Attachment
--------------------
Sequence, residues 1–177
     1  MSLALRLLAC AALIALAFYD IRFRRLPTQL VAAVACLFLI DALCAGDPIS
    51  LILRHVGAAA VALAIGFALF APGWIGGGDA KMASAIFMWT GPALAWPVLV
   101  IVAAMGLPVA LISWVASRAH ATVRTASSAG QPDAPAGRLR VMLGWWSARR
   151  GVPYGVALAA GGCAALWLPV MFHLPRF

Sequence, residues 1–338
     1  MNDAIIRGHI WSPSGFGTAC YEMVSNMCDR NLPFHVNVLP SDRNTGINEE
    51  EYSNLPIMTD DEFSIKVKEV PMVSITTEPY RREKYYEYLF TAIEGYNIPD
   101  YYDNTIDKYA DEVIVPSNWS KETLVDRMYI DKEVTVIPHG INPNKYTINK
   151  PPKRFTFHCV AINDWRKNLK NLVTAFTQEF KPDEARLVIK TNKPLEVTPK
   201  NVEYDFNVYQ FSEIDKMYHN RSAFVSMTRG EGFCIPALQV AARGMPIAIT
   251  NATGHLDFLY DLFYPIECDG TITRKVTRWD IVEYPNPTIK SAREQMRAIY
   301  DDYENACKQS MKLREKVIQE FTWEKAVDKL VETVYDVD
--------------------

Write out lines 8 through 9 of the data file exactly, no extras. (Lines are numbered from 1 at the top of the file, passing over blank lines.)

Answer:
    51  EYSNLPIMTD DEFSIKVKEV PMVSITTEPY RREKYYEYLF TAIEGYNIPD
   101  YYDNTIDKYA DEVIVPSNWS KETLVDRMYI DKEVTVIPHG INPNKYTINK